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Database Management Basics

Database management is the method for managing information that supports the company’s business operations. It involves storing data, distributing it to applications and users, editing it as needed and monitoring changes to data and preventing data corruption due to unexpected failure. It is an element of a company’s informational infrastructure that aids in decision-making and growth for the business as well as compliance with laws such as the GDPR and the California Consumer Privacy Act.

In the 1960s, Charles Bachman and IBM along with others created the first database systems. They evolved into the information management systems (IMS) that enabled the storage and retrieve huge amounts of data for a wide range of purposes, ranging from calculating inventory to supporting complex financial accounting and human resources functions.

A database consists of a set of tables that arrange data according to a particular schema, such as one-to many relationships. It makes use of primary keys to identify records and permits cross-references among tables. Each table has a set of fields, called attributes, that provide information about the entities that comprise the data. Relational models, which were developed by E. F. “TedCodd Codd in the 1970s at IBM and IBM, are the most popular database type currently. The concept is based on normalizing data to make it easier to use. It is also simpler to update data since it doesn’t require changing several databases.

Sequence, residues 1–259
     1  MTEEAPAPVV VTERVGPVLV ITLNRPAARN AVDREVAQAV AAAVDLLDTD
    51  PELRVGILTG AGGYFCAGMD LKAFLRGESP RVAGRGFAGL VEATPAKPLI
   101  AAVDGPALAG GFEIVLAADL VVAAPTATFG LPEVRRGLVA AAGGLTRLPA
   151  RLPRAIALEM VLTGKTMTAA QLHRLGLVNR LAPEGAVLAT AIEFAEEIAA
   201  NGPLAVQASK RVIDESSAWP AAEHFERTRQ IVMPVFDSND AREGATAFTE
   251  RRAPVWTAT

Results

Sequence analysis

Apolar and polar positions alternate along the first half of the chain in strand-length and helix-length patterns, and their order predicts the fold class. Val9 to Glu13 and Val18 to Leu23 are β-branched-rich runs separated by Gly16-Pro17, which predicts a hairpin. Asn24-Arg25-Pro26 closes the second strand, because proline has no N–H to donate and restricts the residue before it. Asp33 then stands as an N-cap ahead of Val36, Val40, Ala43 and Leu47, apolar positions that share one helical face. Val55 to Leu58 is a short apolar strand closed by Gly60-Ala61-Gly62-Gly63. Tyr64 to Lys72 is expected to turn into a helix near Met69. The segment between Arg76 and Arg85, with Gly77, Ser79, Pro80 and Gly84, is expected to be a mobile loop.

Most DBMSs can support multiple types of databases by offering different internal and external levels of organization. The internal level focuses on cost, scalability and other operational issues such as the layout of the physical storage. The external level is the representation of the database in user interfaces and applications. It can include a combination of different external views (based on different data models) and may also include virtual tables that are created from generic data to improve performance.

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